Southington fire commission approves money to pay stipends owed to volunteer firefighters

Southington fire commission approves money to pay stipends owed to volunteer firefighters


SOUTHINGTON — The Board of Fire Commissioners approved a special appropriation of $40,000 Thursday to pay stipends owed to volunteer firefighters as part of a labor complaint about reimbursement not meeting the minimum wage.

The back pay to volunteers is part of a state Department of Labor ruling. The commissioners changed payment from an hourly reimbursement to a per call stipend of $7.02 last year following two labor complaints.

The special appropriation compensates firefighters for previous calls, according to board Chairman Michael Bunko.

Interim Fire Chief Eric Heath said the $40,000 doesn’t upset the budget, although he’s not sure how much the department will have to pay under the new reimbursement scheme.

“We could still end the year in the red” for the firefighter stipend account, Heath said.

The Department of Labor “strongly urged” the town to abandon the hourly rate, according to Bunko. The department had paid firefighters $8.24 per hour or any part of an hour while on a call. The average call is 37 minutes, according to fire officials.

Also on Thursday, the fire commission denied a request from volunteer firefighter Steven Bull for a year extension to his year-long absence from the department.

Bull was suspended for more than a month in 2012 for insubordination at a fire scene. Former Fire Chief Harold “Buddy” Clark suspended Bull after the volunteer firefighter delayed retrieving a tag which allows the chief to make sure no firefighters are still inside a dangerous building. Clark was concerned that Bull had delayed getting in his tag because he was talking with another firefighter and the two argued at the scene.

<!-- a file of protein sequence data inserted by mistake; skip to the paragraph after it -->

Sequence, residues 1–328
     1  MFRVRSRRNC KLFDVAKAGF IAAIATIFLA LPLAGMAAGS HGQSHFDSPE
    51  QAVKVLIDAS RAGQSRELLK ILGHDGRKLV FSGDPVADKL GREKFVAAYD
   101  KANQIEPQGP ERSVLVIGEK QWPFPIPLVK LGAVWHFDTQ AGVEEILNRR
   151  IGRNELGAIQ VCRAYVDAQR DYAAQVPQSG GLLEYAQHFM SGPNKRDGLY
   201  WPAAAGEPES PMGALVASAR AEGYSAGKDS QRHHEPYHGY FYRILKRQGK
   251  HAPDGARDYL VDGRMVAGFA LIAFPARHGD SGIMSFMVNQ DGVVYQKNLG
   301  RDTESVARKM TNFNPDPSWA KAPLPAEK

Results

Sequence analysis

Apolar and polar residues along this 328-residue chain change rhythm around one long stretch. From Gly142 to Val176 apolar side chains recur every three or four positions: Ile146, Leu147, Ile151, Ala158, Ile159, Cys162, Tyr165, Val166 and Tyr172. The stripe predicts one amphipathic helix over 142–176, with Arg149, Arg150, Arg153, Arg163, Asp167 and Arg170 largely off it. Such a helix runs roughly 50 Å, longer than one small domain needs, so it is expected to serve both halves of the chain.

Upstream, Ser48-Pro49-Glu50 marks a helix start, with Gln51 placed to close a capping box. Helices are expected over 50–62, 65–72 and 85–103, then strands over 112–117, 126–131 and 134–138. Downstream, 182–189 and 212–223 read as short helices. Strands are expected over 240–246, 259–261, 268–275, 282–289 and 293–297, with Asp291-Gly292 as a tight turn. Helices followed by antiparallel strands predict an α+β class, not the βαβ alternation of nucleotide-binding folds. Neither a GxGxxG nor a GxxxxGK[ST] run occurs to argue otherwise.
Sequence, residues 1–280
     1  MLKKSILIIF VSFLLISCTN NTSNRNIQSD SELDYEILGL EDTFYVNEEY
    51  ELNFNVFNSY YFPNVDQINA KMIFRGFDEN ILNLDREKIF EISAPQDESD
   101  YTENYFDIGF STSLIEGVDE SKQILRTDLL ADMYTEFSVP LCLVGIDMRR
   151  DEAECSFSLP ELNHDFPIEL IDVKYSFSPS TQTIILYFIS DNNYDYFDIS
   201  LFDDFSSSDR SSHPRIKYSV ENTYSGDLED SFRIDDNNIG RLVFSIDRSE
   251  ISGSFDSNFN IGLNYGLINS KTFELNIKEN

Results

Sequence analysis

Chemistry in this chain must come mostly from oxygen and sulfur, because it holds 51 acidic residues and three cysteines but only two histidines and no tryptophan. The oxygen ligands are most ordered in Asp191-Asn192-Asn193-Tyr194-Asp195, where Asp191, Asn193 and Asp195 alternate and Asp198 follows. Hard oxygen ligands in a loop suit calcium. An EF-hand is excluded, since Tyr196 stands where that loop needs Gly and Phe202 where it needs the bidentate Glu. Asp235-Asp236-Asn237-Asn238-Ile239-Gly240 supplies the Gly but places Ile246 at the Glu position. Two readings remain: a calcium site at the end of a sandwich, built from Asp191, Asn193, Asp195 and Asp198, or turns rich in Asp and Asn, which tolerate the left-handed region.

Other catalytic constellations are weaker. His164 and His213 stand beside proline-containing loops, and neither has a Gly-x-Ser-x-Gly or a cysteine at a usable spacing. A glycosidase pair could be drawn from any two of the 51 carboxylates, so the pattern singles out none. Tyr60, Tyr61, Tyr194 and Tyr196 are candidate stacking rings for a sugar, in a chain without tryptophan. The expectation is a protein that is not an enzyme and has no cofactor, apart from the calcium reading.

Bull filed a written report with Sgt. Frank Bavaro of the Police Department after the argument, alleging that Clark “grabbed his right wrist with his left hand” and demanded that Bull hand over his entry tag. Bull felt that Clark acted in an unprofessional manner, swearing and using unnecessary physical contact, according to the report. A police investigation ended with no charges being filed.

Heath argued against extending the leave of absence since it’s department policy to allow no more than a year unless the firefighter is absent and serving in the military.

“After two years of being separated from the department, you’re missing out on a lot of mandatory training,” he said. “It goes against our standard operating guidelines.”

Commission members agreed and worried about setting a precedent for extended absences.

Heath said Bull could reapply to the department. Bull could not be reached for comment Thursday night. 203-317-2230 Twitter: @JBuchananRJ

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